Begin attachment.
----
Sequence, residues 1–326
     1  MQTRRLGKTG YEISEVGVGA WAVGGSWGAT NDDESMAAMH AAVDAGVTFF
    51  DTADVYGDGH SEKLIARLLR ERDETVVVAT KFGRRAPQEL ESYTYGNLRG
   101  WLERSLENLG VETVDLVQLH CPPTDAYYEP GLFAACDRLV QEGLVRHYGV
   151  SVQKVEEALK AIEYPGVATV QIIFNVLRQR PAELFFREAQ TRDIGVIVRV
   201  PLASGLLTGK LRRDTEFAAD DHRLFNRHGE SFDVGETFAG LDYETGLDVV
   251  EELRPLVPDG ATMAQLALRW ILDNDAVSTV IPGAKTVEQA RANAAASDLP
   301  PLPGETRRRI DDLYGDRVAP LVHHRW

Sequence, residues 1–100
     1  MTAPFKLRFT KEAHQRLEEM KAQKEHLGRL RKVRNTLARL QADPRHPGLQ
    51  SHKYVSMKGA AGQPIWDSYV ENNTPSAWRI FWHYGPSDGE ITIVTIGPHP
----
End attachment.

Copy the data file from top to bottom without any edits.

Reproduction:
Sequence, residues 1–326
     1  MQTRRLGKTG YEISEVGVGA WAVGGSWGAT NDDESMAAMH AAVDAGVTFF
    51  DTADVYGDGH SEKLIARLLR ERDETVVVAT KFGRRAPQEL ESYTYGNLRG
   101  WLERSLENLG VETVDLVQLH CPPTDAYYEP GLFAACDRLV QEGLVRHYGV
   151  SVQKVEEALK AIEYPGVATV QIIFNVLRQR PAELFFREAQ TRDIGVIVRV
   201  PLASGLLTGK LRRDTEFAAD DHRLFNRHGE SFDVGETFAG LDYETGLDVV
   251  EELRPLVPDG ATMAQLALRW ILDNDAVSTV IPGAKTVEQA RANAAASDLP
   301  PLPGETRRRI DDLYGDRVAP LVHHRW

Sequence, residues 1–100
     1  MTAPFKLRFT KEAHQRLEEM KAQKEHLGRL RKVRNTLARL QADPRHPGLQ
    51  SHKYVSMKGA AGQPIWDSYV ENNTPSAWRI FWHYGPSDGE ITIVTIGPHP